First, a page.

The DSC ratio is defined as the ratio of debt service payments (including principal and interest) relative to the borrower’s total income over a given period (eg on a monthly or yearly basis). The DSC ratio is defined using net income (ie after taxes) in order to focus on freely disposable income. The DSC ratio must be prudently calculated in accordance with the following requirements:
- Debt service amount: the calculation must take into account all of the borrower’s financial obligations that are known to the bank. At loan origination, all known financial obligations must be ascertained, documented and taken into account in calculating the borrower’s debt service amount. In addition to requiring borrowers to declare all such obligations, banks should perform adequate checks and enquiries, including information available from credit bureaus and credit reference agencies.
- Total income: income should be ascertained and well documented at loan origination. Total income must be net of taxes and prudently calculated, including a conservative assessment of the borrower’s stable income and without providing any recognition to rental income derived from the property collateral. To ensure the debt service is prudently calculated, the bank should take into account any probable upward adjustment in the debt service payment. For instance, the loan’s interest rate should (for this purpose) be increased by a prudent margin to anticipate future interest rate rises where its current level is significantly below the loan’s long-term level. In addition, any temporary relief on repayment must not be taken into account for purposes of the debt service amount calculation.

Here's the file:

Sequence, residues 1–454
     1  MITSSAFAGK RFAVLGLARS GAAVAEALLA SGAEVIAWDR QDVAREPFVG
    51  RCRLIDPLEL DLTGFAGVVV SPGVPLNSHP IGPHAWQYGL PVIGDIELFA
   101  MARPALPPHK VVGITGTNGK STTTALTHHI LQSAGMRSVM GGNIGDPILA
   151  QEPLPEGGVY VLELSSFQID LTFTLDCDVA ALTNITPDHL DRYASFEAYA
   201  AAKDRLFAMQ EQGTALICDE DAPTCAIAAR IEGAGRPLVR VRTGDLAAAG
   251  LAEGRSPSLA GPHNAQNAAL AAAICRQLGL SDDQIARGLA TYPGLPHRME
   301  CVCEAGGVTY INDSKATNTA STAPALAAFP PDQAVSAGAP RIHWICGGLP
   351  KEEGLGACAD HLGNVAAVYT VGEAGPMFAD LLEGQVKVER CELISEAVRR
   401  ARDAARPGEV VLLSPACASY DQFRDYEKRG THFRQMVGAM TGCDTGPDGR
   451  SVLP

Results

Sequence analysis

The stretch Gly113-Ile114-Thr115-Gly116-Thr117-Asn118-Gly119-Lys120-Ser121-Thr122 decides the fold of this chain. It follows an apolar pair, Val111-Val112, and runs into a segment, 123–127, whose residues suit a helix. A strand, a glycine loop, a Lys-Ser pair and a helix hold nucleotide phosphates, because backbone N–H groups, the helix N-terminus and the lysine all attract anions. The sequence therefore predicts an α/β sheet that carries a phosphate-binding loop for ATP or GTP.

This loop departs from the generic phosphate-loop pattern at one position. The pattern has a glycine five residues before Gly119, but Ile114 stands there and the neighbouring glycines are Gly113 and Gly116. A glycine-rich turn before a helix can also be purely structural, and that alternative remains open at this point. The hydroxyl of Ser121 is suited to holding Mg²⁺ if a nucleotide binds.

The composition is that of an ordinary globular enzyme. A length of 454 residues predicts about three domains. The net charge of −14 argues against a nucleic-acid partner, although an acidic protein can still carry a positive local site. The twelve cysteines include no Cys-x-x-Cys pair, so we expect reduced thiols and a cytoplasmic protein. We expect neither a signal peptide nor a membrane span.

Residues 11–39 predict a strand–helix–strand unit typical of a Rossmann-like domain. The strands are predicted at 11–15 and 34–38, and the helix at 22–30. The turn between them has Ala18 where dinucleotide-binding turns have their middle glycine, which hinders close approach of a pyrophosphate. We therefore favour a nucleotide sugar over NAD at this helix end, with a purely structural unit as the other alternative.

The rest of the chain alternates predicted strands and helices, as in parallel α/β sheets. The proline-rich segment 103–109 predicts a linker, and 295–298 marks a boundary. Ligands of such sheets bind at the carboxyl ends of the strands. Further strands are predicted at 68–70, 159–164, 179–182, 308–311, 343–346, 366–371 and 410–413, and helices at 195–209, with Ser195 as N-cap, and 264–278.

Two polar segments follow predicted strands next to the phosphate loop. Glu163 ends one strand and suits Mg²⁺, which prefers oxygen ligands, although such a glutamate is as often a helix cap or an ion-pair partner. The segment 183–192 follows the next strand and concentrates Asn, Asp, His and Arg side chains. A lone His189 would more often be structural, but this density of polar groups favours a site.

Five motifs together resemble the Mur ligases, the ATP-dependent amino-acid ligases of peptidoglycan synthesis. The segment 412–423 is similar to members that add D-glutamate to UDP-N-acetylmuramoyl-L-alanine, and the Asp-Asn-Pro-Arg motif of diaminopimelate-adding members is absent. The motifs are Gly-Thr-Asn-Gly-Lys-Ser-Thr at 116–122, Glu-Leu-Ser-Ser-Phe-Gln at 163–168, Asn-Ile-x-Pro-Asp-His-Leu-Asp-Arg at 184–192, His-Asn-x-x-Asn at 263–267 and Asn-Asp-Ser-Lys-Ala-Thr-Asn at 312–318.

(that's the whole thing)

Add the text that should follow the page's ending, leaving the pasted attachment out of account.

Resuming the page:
Notwithstanding the definitions of the DSC and LTV ratios, banks must, on an ongoing basis, have a comprehensive understanding of the risk characteristics of their residential real estate portfolio.
The risk weight applicable to the full exposure amount will be assigned, as determined by the table below, according to the exposure’s loan-to-value (LTV) ratio, and in the case of exposures to individuals, also taking into account the debt service coverage (DSC) ratio. Banks should not tranche their exposures across different LTV buckets; the applicable risk weight will apply to the full exposure amount. A bank that does not have the necessary LTV information for a given residential real estate exposures must apply a 100% risk weight to such an exposure.